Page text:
The same is not necessarily true for those who believe ID may provide an explanation for the world's genesis. I see design in the world but am satisfied that we simply do not know the truth of the matter- and that includes the big bang theory. I am convinced the answers are not provided in the book of Genesis. Any God who could have created this awesome universe, would surely have written a less contradictory book. Most, but perhaps not all, ID folks seem convinced otherwise. Similarly, many Christains see no conflict with Darwin's theories; yet many are atheists or agnostic.

My problem with intelligent design is that it doesn't seem to get us anywhere as a science. I remember as a child being told repeatedly by my parents, "because I said so." It was a conversation stopper. Worse, it was an inquiry stopper. It seems to me that ID functions in exactly the same way.

But for the court, linking ID with creationism was a deal-breaker.


Martin Cothran said...


The point of my response is that by the same reasoning you say that ID is inherently religious because the motivations of some who back it are religious, you are logically obliged to say that evolution is inherently atheistic because some who back it are motivated by atheism.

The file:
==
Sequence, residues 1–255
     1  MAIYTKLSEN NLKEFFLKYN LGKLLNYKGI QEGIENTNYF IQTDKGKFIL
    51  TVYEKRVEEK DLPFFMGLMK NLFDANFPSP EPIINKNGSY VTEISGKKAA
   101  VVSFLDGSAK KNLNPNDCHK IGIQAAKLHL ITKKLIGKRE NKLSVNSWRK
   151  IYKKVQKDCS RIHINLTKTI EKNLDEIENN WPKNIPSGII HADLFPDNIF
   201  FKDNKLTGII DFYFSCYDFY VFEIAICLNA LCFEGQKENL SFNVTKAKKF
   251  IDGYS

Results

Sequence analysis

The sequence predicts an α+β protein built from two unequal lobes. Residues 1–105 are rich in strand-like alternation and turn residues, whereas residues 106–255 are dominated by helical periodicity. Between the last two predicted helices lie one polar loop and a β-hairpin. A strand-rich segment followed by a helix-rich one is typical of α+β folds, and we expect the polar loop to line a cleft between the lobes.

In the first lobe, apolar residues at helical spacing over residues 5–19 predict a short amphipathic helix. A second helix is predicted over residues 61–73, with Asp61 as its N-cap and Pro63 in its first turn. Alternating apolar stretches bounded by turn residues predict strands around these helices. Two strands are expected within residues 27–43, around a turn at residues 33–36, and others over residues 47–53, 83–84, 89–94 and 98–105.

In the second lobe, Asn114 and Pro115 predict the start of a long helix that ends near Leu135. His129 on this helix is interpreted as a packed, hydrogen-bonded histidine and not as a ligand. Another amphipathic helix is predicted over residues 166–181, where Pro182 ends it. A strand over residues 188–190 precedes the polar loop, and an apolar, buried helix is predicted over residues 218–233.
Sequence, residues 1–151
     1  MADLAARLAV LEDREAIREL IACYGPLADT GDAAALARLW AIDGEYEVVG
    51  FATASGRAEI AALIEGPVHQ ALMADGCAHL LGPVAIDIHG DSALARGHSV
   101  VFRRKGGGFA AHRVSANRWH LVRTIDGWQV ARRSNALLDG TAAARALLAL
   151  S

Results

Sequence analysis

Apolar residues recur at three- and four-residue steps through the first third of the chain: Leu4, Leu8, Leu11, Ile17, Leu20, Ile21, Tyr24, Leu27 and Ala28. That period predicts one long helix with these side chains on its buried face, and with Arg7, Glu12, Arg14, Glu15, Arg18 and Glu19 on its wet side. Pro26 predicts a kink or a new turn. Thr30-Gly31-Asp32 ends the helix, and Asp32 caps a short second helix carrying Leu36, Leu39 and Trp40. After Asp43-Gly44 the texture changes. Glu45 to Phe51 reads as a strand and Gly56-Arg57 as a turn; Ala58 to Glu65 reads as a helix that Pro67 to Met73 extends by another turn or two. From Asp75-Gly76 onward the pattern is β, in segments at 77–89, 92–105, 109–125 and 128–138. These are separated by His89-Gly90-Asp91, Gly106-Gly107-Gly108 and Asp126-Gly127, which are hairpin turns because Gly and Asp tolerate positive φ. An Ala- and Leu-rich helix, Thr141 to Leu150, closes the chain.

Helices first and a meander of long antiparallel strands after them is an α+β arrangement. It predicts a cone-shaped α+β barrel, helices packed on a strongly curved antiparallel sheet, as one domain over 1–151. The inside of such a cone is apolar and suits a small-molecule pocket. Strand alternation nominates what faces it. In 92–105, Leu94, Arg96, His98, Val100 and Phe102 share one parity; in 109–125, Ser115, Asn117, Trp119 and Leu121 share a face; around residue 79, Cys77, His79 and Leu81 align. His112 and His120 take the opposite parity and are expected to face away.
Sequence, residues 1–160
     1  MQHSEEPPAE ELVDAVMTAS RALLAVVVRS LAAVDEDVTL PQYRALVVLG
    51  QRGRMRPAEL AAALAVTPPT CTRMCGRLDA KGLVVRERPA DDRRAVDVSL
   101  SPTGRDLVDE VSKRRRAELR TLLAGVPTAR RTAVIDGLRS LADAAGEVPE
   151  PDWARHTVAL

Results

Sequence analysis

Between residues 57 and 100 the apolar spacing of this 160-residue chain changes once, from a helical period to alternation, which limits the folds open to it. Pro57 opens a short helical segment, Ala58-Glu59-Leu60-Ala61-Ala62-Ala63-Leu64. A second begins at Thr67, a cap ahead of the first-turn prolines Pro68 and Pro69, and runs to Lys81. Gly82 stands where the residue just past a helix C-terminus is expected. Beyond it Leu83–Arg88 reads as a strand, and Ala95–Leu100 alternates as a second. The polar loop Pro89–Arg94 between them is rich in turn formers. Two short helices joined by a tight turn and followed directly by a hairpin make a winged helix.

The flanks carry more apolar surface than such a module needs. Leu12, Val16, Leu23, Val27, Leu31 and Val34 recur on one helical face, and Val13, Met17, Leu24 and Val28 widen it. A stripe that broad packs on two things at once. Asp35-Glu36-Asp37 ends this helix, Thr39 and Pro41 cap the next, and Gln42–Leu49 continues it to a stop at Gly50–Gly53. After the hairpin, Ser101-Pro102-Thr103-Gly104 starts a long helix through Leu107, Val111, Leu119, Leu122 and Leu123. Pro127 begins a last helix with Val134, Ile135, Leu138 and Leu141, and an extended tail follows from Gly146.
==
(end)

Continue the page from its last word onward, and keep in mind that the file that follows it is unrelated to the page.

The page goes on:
You want to affirm the former and reject the latter even though the reasoning (and the underlying assumption) is identical. Your response does not address my argument here, it only changes the subject.

You can be illogical if you like. It's a free country. Just remember it the next time you accuse religious people of being irrational.

I also think it is ironic that you accuse ID of being a "conversation stopper" when you yourself say you accept that there is a religious motivation behind ID because that position was "accepted by the court."

Maybe you could explain why ID is a "conversation stopper" because it says "God did it" and the opposition to ID is not a "conversation stopper" despite the fact that it says "the court said so."

What amazes me is that the people who are constantly accusing supporters of ID of being irrational are willing to swallow a completely irrational argument simply because it supports their position.

No, I take that back. I'm not amazed. I take it for granted.